The Choices We Make

Choice III had a discussion recently regarding ethics and the choices that we make with one of my nieces who is currently attending college.  The subject came up in relation to a recent political issue we were discussing – the perfect segue if you ask me. She is one of those incredibly hardworking (2 to 3 jobs) and focused individuals especially with respect to making money.  I mentioned something along the lines of “If people would only care about others, the environment in which we live and do the right things, there would be fewer social problems to deal with in this world”.  That was a bit of an idealistic statement I know but non-the-less true. She responded, “But there is no money in that way of thinking. Most people these days care about themselves, personal wealth and the things that they can have.”  She went on to allude that I am somewhat archaic in my beliefs. Now I am one that generally dislikes getting upset but I found myself coming undone a bit by her statements.  I then took a step back and started reflecting on what she said and society in general. Regardless of how I felt personally I understood that she was, to a large degree, correct.

I mean one would only have to watch your local and national newscasts to see that this is indeed a very self-centered and materialistic society in which we live.  Think back to how many reports involving unethical behaviour by individuals, businesses and governments that have resulted in some major scandal.  I am sure you don’t even have to sit in front of the idiot box to do that. Everyone of us have some issue or event in which we reference regarding the aforementioned.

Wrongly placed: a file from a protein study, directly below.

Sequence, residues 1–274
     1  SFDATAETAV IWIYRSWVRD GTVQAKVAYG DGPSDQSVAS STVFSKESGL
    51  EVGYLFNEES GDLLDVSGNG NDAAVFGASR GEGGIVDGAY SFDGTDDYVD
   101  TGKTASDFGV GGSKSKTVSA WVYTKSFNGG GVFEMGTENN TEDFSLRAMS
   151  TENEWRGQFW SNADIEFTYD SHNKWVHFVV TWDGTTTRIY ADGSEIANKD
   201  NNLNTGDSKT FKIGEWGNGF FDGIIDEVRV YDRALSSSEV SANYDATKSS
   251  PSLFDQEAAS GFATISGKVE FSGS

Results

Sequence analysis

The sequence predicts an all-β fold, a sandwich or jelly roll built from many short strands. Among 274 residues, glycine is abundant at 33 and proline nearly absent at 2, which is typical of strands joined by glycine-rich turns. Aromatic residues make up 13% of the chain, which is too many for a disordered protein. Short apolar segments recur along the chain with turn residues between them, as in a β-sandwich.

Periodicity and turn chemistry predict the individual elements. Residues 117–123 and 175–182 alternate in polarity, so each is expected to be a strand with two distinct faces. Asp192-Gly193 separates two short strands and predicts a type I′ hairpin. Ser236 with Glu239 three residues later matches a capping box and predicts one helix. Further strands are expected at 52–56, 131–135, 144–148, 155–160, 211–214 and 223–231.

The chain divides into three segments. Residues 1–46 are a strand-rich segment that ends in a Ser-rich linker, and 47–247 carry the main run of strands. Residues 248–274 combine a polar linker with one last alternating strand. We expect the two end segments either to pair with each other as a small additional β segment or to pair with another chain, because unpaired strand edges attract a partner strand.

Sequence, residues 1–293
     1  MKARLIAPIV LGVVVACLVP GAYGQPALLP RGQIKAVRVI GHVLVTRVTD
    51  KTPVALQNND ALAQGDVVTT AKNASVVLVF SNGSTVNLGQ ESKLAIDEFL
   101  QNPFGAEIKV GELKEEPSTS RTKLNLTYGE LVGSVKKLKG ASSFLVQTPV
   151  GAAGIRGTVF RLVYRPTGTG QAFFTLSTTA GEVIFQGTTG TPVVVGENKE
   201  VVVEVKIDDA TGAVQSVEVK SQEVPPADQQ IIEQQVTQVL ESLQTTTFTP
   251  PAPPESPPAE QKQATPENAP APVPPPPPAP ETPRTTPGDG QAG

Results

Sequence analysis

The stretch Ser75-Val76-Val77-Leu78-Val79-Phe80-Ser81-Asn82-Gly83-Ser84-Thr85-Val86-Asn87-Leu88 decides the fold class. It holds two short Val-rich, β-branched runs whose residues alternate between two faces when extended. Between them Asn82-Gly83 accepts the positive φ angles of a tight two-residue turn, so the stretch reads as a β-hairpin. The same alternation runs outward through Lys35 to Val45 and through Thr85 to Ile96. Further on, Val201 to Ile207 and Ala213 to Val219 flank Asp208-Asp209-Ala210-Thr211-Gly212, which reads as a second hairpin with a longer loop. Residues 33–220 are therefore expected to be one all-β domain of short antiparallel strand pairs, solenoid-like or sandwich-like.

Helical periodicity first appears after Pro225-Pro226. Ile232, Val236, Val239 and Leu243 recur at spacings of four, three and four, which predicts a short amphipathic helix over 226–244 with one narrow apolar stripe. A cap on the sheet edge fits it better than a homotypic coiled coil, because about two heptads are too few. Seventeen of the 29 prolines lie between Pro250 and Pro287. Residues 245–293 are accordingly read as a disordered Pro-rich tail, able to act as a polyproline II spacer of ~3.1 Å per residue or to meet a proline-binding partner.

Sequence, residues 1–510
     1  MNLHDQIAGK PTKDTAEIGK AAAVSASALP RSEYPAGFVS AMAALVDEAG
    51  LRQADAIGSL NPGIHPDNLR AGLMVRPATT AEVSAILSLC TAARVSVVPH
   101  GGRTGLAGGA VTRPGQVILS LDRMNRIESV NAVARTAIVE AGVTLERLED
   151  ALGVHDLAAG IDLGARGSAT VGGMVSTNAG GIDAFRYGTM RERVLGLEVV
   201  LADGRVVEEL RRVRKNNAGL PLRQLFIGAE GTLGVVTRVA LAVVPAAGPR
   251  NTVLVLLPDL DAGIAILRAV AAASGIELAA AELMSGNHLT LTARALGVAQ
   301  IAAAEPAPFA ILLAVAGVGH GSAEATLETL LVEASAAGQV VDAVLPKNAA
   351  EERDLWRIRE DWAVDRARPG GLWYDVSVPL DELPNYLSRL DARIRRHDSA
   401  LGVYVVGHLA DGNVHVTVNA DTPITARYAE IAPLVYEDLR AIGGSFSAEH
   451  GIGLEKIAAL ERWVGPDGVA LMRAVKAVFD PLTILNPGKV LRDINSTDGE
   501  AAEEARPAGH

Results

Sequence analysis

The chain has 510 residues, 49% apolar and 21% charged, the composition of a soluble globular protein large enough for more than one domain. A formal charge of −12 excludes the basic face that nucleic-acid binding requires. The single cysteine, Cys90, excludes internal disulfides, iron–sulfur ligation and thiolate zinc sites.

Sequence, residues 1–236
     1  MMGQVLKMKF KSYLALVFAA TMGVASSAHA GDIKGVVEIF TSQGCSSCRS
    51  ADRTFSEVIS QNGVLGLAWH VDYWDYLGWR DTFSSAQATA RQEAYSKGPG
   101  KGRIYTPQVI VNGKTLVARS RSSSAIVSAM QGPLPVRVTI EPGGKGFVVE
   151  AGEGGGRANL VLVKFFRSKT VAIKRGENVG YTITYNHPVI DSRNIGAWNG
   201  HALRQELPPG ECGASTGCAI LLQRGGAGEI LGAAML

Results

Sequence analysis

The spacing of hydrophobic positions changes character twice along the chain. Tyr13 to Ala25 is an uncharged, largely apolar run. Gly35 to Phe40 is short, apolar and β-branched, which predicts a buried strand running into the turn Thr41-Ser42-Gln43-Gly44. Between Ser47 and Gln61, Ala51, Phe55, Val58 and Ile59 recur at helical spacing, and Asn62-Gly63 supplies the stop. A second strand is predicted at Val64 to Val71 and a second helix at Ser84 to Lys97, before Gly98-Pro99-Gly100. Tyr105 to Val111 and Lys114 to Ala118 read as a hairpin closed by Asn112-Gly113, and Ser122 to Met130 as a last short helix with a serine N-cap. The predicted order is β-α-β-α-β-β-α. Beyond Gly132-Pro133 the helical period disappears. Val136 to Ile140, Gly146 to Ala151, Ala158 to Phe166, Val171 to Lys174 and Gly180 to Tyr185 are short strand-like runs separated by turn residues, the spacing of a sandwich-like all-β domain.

An important point to consider then is “Why if given a choice to do something that would satisfy our own self-centered desires or support a common social good that we would choose the former the majority amount of the time?”  Just think about that question for a moment and perhaps possible situations that you have found yourself in.  I mean if you had come across a wallet or purse with a large amount of money in it and no form of identification, would you turn it in to the authorities or keep the money for yourself?  Now add to that scenario that you are having difficulties of your own financially and could really use the money you found. Be honest in your assessment of your actions because that is the only way to clearly understand yourself and perhaps the nature of others.  Would you immediately think to turn it in or would you pause and ponder exactly whether or not you should keep it? Would you try to use your own personal belief system, regardless of what that might be, and try to rationalise that you should keep it? For instance, I found this money in a time of need because a divine being planned for me to have it.